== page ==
Bankruptcy has helped millions of Americans reduce debt and get a fresh start. There are different types of bankruptcies, so it is essential to understand the distinctions and similarities. First, let’s understand the concept of bankruptcy .
What is the definition of bankruptcy?
More than just a way to lose a game of Monopoly, when you go before a judge and tell him that you can’t pay your debts. Then, depending on the circumstances, they erase your debts or work out a repayment plan for you. Different people file for bankruptcy for a variety of reasons, including job loss, divorce, medical emergency, or death of a family member. In fact, over 730,000 types of non-commercial bankruptcies were filed in 2018.1. That’s insane!
It is also important to understand that bankruptcy does not discharge student loans , government debts (taxes, fines or penalties), reaffirmed debt (where you agree to meet the terms of an existing loan), child support children or alimony. So if these are your only debts, bankruptcy is not the way to go.
What are the different types of bankruptcies?
Although the general purpose of bankruptcy is to discharge debts, not all bankruptcies are created equal. In reality, there are six different types of bankruptcies:
You may have had a look at this list and then you’re zoned out for the rest of the time. It’s OK. A chapter simply refers to the specific section of the United States Bankruptcy Code where the law is located. But we’ll go over each type so you know your options.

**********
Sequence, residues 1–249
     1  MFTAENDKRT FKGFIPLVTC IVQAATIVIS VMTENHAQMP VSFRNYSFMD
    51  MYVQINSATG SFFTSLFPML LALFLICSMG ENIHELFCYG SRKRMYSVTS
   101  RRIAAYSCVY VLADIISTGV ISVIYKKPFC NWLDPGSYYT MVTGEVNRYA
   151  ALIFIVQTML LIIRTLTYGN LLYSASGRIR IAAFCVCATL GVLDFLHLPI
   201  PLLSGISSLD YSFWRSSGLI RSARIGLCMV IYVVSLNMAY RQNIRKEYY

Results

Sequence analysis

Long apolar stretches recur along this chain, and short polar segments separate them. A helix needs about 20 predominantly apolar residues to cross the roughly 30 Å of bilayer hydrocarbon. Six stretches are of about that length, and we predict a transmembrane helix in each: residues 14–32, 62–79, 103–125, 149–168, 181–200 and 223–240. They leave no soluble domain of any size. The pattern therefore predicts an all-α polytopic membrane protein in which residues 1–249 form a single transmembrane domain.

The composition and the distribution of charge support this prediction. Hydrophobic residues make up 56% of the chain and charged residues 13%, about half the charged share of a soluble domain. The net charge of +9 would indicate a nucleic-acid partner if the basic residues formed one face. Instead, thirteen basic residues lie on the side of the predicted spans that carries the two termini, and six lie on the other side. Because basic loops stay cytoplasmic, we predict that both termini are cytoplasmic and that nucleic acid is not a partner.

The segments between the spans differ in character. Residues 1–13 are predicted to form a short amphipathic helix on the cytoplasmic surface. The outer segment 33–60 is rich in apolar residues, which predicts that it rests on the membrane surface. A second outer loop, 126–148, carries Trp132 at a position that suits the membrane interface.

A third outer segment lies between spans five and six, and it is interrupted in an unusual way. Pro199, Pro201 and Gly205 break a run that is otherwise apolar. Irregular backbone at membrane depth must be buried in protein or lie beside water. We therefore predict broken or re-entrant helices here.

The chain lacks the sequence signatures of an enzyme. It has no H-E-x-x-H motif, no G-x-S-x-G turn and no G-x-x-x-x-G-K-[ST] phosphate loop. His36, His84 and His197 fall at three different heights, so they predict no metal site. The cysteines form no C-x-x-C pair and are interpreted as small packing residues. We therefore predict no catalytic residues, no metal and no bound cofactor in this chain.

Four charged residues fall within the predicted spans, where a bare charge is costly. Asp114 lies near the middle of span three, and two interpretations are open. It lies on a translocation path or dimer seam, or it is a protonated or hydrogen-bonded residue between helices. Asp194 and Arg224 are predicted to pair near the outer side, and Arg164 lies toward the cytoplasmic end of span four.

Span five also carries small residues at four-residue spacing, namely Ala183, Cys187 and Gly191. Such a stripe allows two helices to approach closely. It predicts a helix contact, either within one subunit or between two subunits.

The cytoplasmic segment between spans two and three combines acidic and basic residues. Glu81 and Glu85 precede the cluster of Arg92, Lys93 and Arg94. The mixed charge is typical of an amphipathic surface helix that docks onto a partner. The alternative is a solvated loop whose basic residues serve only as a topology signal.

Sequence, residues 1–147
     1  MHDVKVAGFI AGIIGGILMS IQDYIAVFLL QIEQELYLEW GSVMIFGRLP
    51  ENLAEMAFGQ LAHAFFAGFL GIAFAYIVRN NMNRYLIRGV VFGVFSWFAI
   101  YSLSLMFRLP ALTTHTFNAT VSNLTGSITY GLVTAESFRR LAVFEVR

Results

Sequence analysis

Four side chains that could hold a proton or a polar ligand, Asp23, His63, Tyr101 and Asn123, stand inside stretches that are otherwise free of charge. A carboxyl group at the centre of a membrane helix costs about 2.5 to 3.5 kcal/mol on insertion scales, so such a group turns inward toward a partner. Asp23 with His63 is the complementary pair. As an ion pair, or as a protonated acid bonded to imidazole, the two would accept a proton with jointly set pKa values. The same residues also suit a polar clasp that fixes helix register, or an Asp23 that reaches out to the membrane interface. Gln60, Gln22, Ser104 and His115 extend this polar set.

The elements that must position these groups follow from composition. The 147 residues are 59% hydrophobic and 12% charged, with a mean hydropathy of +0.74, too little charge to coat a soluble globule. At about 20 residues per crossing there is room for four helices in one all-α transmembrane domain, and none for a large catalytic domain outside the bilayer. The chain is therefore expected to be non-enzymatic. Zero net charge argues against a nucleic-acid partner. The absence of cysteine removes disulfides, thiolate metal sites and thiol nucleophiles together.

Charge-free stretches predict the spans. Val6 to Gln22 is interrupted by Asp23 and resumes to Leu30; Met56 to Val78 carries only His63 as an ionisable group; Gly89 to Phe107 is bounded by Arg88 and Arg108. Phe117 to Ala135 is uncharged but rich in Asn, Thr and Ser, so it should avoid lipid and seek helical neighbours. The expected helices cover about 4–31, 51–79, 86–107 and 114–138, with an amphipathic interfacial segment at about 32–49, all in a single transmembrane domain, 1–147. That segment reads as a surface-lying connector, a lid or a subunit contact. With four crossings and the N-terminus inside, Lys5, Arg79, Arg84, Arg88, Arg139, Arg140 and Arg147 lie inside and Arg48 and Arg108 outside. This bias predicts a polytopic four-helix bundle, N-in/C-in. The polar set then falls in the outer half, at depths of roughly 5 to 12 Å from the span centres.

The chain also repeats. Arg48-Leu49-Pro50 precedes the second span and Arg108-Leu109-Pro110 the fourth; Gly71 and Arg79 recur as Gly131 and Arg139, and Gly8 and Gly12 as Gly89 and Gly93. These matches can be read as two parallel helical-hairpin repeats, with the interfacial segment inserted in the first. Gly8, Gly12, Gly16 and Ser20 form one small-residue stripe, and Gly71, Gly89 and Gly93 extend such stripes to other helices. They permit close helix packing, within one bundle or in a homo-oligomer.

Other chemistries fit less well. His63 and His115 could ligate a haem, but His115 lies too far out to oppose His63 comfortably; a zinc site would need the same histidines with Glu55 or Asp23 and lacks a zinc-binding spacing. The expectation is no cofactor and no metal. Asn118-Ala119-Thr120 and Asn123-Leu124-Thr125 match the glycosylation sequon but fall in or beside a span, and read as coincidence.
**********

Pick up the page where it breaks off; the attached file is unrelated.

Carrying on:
#1. Chapter 7 Bankruptcy
Chapter 7 bankruptcy, also known as liquidation or outright bankruptcy, is the most common type of individual bankruptcy. A court-appointed trustee oversees the liquidation (sale) of your assets (anything of value in your possession) to pay off your creditors (the people you owe money to). Any remaining unsecured debt (such as credit cards or medical bills) is usually paid off. However, as noted earlier, this does not include debts that are not dischargeable through bankruptcy, such as student loans and taxes.
Depending on the state you live in, the court may not order you to sell certain items. During Chapter 7 bankruptcy, for example, most people are able to maintain basic necessities such as their home, car, and retirement accounts, but there are no guarantees. Chapter 7 cannot stop a foreclosure; he can only postpone it. The only way to keep the items you still owe money for is to reaffirm the debt, which means re-entering the loan agreement and continuing to make payments. However, the vast majority of Chapter 7 bankruptcies are no-asset cases, meaning there is no property of sufficient value to sell.
You can only declare Chapter 7 bankruptcy if the court determines that you are not making enough money to pay off your debts. This decision is based on the means test, which compares your income to the state average and examines your finances to determine if you have sufficient disposable income. If your income is insufficient, you may qualify for Chapter 7.
#2. Chapter 13 Bankruptcy
While Chapter 7 bankruptcy often results in debt forgiveness, the individual type of Chapter 13 bankruptcy essentially reorganizes it. The court approves a monthly payment plan that allows you to pay off some of your unsecured debt and all of your secured debt over three to five years. Monthly payment amounts are determined by your income and the amount of debt you have. However, the court has the power to impose a strict budget on you and monitor all your expenses (ouch!).
Unlike Chapter 7, this type of individual bankruptcy allows you to keep your assets while catching up on any non-bankruptcy related debt. The different types of Chapter 13 bankruptcy can also help you avoid foreclosure by giving you more time to pay off your mortgage.